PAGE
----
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- My cautious optimism about this book quickly became disappointment. Granted, "no contributor can speak for his denomination as a whole" (17). Authors who contribute this way should we aware of the consequences of their words. Two in particular worked against the unity concept of the book as a whole. Chute's essay fails to comprehend what was at stake for Luther, Lutherans, and Christendom at Marburg (49, 64). Sweeney's essay on Lutheranism (111ff)will disappoint Lutherans of every stripe I can think of. His comments on the LCMS and WELS were offensive to me, judgmental, and show a similar lack of depth of appreciate for the Sacrament as Chute (131). The back of the book promised me "natural without being negative" and failed. Good concept. Uneven execution. Not Recommended.
+ Notable names pay homage and give their thanks to the Lord for John T. Pless in this new release. Pless' imprint on each of the contributors is evident. One notes theological depth, Confessional commitment, and appropriate humor in the essays. All the essays in their own way speak to the habitus practicus of Lutheran pastoral care and practice, grounded in Holy Baptism, Holy Absolution, and Holy Communion administered by one called into the Office of the Holy Ministry. Essayists highlight issues with James and Paul, apologetics, reason, Justification and atonement, Lutheran evangelical catholic identity, spiritual warfare, and the proper distinction between law and Gospel. Apart from sharing a Lutheran beverage and the typical accompanying incense with the good professor, this volume is an appropriate way to honor Rev. John Pless.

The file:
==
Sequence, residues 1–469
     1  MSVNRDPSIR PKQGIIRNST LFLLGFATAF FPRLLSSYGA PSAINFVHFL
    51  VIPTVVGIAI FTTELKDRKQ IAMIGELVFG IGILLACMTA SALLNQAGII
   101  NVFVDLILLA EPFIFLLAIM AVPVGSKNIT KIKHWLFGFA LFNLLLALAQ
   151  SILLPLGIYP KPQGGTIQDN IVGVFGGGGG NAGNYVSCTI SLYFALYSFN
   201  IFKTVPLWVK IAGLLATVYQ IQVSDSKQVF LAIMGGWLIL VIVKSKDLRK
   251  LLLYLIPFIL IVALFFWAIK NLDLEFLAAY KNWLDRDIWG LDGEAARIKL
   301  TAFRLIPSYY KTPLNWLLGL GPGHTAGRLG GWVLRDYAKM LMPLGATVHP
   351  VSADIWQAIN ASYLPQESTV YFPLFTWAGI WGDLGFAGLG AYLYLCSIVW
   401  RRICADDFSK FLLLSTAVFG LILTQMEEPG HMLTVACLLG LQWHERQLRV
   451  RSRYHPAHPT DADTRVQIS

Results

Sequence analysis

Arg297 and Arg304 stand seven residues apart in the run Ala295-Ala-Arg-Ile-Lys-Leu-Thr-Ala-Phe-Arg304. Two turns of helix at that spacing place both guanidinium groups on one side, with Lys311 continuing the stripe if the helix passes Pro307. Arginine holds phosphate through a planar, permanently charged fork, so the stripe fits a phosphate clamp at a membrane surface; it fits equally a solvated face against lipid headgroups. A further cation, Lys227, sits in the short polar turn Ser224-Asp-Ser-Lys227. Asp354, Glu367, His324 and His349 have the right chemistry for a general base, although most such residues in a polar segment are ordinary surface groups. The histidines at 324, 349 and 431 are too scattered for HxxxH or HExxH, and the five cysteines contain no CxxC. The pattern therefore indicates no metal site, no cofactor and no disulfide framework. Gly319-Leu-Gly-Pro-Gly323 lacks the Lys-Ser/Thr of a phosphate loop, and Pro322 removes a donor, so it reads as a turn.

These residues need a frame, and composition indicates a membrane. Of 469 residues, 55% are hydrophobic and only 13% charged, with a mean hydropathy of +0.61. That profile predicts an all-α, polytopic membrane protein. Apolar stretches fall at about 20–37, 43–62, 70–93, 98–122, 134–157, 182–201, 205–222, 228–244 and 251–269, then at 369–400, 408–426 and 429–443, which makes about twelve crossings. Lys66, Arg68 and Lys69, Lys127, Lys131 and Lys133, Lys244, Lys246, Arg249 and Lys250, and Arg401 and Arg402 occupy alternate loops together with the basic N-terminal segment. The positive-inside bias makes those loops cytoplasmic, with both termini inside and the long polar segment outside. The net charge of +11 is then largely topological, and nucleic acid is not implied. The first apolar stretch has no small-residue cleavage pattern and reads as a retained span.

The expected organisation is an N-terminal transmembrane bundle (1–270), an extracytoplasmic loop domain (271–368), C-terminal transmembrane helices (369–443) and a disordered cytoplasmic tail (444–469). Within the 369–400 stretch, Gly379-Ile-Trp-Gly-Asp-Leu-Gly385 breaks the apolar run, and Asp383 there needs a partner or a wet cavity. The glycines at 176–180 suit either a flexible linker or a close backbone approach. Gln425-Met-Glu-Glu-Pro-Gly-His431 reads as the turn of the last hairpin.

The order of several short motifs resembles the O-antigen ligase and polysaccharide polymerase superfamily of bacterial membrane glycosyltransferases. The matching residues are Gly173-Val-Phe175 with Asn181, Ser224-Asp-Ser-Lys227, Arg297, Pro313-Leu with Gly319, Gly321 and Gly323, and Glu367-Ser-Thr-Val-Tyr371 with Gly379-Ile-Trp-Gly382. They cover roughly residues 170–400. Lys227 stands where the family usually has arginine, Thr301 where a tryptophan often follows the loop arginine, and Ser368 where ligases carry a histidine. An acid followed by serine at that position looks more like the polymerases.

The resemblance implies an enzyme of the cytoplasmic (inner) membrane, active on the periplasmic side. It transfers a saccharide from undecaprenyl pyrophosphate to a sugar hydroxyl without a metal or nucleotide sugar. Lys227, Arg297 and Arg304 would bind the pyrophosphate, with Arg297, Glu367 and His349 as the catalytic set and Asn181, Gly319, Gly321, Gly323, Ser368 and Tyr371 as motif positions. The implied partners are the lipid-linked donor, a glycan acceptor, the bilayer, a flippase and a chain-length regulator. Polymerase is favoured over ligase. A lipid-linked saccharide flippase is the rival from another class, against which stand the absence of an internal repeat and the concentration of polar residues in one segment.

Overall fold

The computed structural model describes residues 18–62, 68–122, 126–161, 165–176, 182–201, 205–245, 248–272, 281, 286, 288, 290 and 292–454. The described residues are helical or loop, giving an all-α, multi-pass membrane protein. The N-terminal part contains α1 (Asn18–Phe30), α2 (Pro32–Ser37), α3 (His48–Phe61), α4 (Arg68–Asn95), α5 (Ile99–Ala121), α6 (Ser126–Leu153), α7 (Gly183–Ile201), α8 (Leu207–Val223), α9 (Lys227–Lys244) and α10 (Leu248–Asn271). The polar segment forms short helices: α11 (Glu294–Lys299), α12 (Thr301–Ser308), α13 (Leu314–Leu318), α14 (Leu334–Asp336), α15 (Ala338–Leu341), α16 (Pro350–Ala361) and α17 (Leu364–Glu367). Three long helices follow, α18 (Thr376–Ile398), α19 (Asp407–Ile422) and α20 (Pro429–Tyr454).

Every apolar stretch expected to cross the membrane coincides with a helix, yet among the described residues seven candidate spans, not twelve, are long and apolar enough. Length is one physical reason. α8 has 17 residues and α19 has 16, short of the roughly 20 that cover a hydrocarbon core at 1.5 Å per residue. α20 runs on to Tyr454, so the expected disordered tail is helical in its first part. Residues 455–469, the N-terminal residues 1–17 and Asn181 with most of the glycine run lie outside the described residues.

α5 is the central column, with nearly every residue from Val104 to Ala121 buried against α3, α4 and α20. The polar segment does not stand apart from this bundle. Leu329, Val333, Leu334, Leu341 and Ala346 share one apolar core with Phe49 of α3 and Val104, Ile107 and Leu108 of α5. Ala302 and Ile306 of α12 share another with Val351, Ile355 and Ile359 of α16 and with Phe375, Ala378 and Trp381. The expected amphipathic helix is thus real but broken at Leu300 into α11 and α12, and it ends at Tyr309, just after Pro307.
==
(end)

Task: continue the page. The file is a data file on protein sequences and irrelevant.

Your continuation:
+ Winner of the 2014 Christian Book of the Year Award, Crazy Busy is an appropriate brief and personal book about the self-inflicted madness of the four-letter-word BUSY. Seven diagnoses help the reader put an end to "busyness as usual" (back cover). I have an appreciation for this author's writing style and previous books. There's a fundamental problem when "busy people can't handle long sermons" (110). As Martha. Ask Kevin DeYoung. He admits that he is a work in progress (14). Time is precious. We all need that Sunday rhythm (99). Life without God in Christ is meaningless. So is busyness. Recommended. We'll look for more from this author soon.
/ I can both appreciate and disagree with the writing of Robert Jenson. On the Inspiration of Scripture was honest, yet too innovative for me. I can welcome the insights of Lutheran Slogans while differing with the author on details. Commandments, Creed, and Prayer form the foundation for his A Large Catechism. I cannot agree with multiple forms and meanings of marriage (11). His passion for the Holy Baptism is evident in his frustration about misuse (53). Finally, I must commend his good point about direct pastoral administration of the Sacrament of the Altar while rejecting a dual he/she pronoun on who may be ordained to the pastoral office (71).
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